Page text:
University of Cambridge researchers find reprogramming skin cells could help multiple sclerosis patients
Turning patient's own skin cells into brain stem cells might help repair MS damage, study suggests
Research led by the University of Cambridge has suggested that reprogramming a patient’s own skin cells could provide a route to repairing the damage caused by multiple sclerosis.
Scientists across a number of university departments carried out a study in mice, which showed that turning skin cells into brain stem cells, then transplanting them back into the body, helped reduce the inflammation associated with the disease.
The research is an important step towards developing personalised treatments based on a patient’s skin cells for diseases of the central nervous system.
Stem cell therapies are a promising avenue for tackling such conditions. They employ a stem cell’s ability to become almost any type of cell in the human body.
Damage is caused to nerve cells by progressive forms of multiple sclerosis, which attacks the central nervous system and causes chronic inflammation.
It is the body’s own immune system that strikes, damaging the protective sheath around nerve fibres, which is known as myelin.
This disrupts messages sent around the brain and spinal cord, causing a range of symptoms that can include problems with mobility and balance, pain, severe fatigue, muscle spasms and vision problems.
The autoimmune disease affects about 100,000 people in the UK – and two to three times as many women as men. More than eight out of 10 are diagnosed with the ‘relapsing remitting’ type, during which symptoms worsen over a period of time, then slowly improve for a spell. There are several therapies to help during this phase.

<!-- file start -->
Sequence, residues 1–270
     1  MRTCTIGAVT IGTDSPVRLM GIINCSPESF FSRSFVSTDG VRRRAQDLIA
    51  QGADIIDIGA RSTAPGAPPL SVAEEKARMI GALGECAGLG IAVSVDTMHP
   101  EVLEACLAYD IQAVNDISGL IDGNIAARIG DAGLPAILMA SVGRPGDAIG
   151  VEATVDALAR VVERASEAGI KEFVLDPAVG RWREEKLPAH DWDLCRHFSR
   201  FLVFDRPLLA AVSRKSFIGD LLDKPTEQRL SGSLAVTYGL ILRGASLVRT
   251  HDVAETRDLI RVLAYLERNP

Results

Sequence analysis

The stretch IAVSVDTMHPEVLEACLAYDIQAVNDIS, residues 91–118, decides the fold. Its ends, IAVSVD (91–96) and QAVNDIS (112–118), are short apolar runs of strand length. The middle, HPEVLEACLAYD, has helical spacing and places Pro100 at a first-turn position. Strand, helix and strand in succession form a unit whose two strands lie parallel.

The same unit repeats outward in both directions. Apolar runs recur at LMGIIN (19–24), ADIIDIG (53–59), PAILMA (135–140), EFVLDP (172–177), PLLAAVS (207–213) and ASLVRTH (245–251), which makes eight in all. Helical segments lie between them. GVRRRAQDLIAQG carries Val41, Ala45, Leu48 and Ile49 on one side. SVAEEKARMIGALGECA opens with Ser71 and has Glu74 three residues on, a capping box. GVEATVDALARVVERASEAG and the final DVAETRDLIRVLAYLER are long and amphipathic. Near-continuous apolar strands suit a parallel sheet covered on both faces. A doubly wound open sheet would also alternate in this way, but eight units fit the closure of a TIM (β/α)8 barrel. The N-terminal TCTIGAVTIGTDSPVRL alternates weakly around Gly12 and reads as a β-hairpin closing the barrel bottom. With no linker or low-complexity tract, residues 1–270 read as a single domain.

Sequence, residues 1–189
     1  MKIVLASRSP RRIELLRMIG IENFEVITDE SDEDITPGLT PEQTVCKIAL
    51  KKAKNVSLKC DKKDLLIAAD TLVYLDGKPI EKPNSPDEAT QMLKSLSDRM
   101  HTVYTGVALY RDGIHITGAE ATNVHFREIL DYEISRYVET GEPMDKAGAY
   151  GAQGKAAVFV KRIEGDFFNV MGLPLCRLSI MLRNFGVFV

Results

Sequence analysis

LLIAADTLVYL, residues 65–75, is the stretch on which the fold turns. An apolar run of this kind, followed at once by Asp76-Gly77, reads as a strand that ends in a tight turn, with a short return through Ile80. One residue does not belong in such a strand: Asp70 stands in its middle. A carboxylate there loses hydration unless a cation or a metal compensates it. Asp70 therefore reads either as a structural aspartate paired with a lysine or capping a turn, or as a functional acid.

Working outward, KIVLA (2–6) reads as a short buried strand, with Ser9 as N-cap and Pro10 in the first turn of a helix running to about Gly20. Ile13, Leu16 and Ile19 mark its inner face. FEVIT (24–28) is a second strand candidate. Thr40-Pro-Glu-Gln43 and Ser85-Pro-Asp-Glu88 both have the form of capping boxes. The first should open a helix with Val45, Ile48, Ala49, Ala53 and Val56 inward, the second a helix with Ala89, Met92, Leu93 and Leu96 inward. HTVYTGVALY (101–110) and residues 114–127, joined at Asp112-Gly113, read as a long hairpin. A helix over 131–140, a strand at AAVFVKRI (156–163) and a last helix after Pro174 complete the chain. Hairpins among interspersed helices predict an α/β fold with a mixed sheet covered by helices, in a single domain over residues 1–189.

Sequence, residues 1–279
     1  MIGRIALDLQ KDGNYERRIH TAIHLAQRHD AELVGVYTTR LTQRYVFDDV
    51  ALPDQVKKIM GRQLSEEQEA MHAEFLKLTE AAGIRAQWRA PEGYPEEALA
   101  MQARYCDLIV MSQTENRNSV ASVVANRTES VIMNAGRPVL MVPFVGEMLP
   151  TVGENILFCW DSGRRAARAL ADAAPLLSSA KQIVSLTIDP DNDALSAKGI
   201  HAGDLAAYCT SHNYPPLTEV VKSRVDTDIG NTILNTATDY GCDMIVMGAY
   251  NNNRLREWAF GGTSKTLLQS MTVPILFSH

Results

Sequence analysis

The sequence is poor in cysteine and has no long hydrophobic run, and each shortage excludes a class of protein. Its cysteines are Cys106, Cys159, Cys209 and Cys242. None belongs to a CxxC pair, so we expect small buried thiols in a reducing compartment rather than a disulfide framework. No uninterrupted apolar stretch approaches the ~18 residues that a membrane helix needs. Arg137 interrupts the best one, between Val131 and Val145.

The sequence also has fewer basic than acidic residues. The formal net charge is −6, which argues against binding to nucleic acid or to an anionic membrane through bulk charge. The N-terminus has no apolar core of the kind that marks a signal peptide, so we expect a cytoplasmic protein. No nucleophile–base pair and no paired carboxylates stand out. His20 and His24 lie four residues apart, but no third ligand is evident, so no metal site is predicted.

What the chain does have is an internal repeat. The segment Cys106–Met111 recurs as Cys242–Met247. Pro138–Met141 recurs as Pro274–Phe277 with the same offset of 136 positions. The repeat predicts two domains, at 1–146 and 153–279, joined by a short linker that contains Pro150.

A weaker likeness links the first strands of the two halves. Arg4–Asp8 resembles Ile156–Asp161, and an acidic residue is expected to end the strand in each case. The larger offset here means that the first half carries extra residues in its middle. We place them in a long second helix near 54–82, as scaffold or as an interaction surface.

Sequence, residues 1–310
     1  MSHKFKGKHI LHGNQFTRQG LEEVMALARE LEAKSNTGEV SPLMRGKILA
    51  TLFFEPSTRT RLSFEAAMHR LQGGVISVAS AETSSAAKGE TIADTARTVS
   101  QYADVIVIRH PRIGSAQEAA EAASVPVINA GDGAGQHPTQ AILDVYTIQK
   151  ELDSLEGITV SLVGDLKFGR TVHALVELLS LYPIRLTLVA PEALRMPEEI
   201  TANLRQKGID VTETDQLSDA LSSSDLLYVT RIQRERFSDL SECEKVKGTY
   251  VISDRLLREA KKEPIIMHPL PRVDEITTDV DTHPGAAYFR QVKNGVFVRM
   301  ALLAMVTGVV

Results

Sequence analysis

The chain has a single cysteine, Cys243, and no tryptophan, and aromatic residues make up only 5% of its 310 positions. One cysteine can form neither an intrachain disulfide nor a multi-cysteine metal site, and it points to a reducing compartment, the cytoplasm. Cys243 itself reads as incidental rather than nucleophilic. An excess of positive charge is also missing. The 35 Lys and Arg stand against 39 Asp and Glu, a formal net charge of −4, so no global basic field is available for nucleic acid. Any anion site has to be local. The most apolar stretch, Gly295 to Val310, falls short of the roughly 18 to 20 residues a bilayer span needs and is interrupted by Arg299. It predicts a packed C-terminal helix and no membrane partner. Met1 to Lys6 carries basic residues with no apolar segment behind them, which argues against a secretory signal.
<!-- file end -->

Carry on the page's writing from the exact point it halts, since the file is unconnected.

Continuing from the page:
Within 15-20 years of diagnosis, about half of those diagnosed with the condition go on to develop a secondary progressive form of the disease which does not have any effective treatment.
The key immune cells involved are known as macrophages, which means ‘big eaters’. They normally gobble up unwanted intruders in the body, but in MS patients one particular type of macrophage known as microglia – found throughout the brain and spinal cord – attacks the central nervous system.
The Cambridge team has previously shown that transplanting neural stem cells (NSCs) – which are stem cells part-way to developing into nerve cells – reduces inflammation and can help the central nervous system to heal.
But if this was to be developed into a therapy, it would be hampered by the lack of availability of such NSCs. These cells are sourced from embryos and therefore not available in large quantities.
There is also the potential that the body’s immune system would consider the cells to be invaders and mount an immune response to destroy them.
A solution to both of these challenges could come in the form of induced neural stem cells, or iNSCs. These can be generated in the lab by taking an adult’s skin cells and reprogramming them back to become neural stem cells. The risk of an immune response to these cells is significantly reduced as the iNSCs would be the patient’s own cells.
Dr Stefano Pluchino, lead author of the study from the Department of Clinical Neurosciences at the University of Cambridge, said: “Our mouse study suggests that using a patient’s reprogrammed cells could provide a route to personalised treatment of chronic inflammatory diseases, including progressive forms of MS. This is particularly promising as these cells should be more readily obtainable than conventional neural stem cells and would not carry the risk of an adverse immune response.”
In their paper, published in the journal Cell Stem Cell, the researchers used mice manipulated to develop MS and discovered it leads to significantly increased levels of succinate. This small metabolite sends signals to macrophages and microglia, prompting them into causing inflammation, but only in cerebrospinal fluid, not in the peripheral blood.
They found that transplanting NSCs and iNSCs directly into the cerebrospinal fluid reduced the amount of succinate, reprogramming the macrophages and microglia.